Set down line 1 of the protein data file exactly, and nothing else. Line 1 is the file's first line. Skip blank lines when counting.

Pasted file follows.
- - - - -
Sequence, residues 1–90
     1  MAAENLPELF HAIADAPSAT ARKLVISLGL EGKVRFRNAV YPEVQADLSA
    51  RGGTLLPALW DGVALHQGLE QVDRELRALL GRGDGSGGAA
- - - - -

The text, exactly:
Sequence, residues 1–90